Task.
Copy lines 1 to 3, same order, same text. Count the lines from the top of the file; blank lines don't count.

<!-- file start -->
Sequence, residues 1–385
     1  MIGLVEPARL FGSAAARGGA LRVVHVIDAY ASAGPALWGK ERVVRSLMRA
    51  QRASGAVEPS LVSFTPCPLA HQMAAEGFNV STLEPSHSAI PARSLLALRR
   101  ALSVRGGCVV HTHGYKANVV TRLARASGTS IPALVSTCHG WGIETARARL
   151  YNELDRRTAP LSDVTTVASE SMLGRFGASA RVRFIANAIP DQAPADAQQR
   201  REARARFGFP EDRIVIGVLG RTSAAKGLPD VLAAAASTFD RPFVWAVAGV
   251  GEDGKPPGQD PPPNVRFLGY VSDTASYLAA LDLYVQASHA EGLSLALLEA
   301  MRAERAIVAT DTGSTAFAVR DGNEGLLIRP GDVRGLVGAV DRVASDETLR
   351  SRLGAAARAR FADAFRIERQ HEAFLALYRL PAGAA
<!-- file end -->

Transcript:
Sequence, residues 1–385
     1  MIGLVEPARL FGSAAARGGA LRVVHVIDAY ASAGPALWGK ERVVRSLMRA
    51  QRASGAVEPS LVSFTPCPLA HQMAAEGFNV STLEPSHSAI PARSLLALRR